Dhyana is the limb of meditation. It allows us to establish a true connection with ourselves. It is a place where we do not question, get involved, assess, intervene, or evaluate. In this space, we do not need to change anything. We just need to be and let everything exist perfectly as it is.
Samadhi is a state of ecstasy, self-realization, truth, and bliss. It is the true union of body, mind, and spirit.
In this state, we are so completely involved and absorbed with something that we become one with it. Here, we enter a state of inner freedom, a state of true oneness.
Some people get confused between Ashtanga Marga and Ashtanga Yoga. It’s worth noting that they are not the same thing.
As I mentioned previously, “Ashtanga Marga” translates to the “Eightfold Path” in classical yoga philosophy, encompassing ethical disciplines, self-disciplines, postures, breath control, withdrawal of the senses, concentration, meditation, and spiritual absorption.
On the other hand, “Ashtanga Yoga” is a specific style of yoga that adheres to the principles of the Eightfold Path, with a focus on the physical aspect – specifically, a set sequence of postures linked by breath, known as the Ashtanga Vinyasa Yoga system.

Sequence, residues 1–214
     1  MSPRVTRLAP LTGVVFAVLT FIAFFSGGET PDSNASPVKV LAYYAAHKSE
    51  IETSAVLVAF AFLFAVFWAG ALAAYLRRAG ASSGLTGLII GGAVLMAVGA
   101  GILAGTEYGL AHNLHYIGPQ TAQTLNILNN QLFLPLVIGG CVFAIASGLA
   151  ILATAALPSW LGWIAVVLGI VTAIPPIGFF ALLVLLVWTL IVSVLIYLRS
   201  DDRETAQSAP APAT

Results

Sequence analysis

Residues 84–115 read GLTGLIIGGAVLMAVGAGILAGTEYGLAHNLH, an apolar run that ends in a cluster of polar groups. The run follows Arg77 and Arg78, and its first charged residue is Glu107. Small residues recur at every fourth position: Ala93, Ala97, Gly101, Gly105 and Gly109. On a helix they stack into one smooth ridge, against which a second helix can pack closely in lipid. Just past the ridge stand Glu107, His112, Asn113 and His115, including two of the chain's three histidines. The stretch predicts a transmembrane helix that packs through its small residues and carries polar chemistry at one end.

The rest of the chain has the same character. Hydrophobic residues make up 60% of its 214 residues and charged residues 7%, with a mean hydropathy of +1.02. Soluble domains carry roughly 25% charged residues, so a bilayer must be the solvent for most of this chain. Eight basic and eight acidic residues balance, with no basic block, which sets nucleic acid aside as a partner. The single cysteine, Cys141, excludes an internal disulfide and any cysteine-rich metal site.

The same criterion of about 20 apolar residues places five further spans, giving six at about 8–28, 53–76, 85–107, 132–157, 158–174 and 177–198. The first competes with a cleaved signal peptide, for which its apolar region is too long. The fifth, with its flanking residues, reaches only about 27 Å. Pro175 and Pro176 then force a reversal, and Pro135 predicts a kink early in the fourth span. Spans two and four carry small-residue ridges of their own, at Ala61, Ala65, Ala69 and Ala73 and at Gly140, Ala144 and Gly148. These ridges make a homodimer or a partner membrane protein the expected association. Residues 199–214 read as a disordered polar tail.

While Ashtanga Marga outlines a comprehensive guide for holistic development, Ashtanga Yoga, as a practice, emphasizes the physical aspect within the broader framework of the Eightfold Path.
With yoga, our practice doesn’t start and end on the mat. It’s an embodied lifestyle. How we move through our inner and outer world.
The 8 limbs can seem overwhelming and sometimes unattainable. It is not about mastering each limb and doing them perfectly. It is about the intention. Sometimes you will fall short and fail to adhere to the limbs (especially when it comes to the Yamas and Niyamas). That’s okay.
The path allows for you to falter, but you need to preserve, regardless of setbacks. The best way to follow the path is to take small, manageable steps and not demand too much of yourself.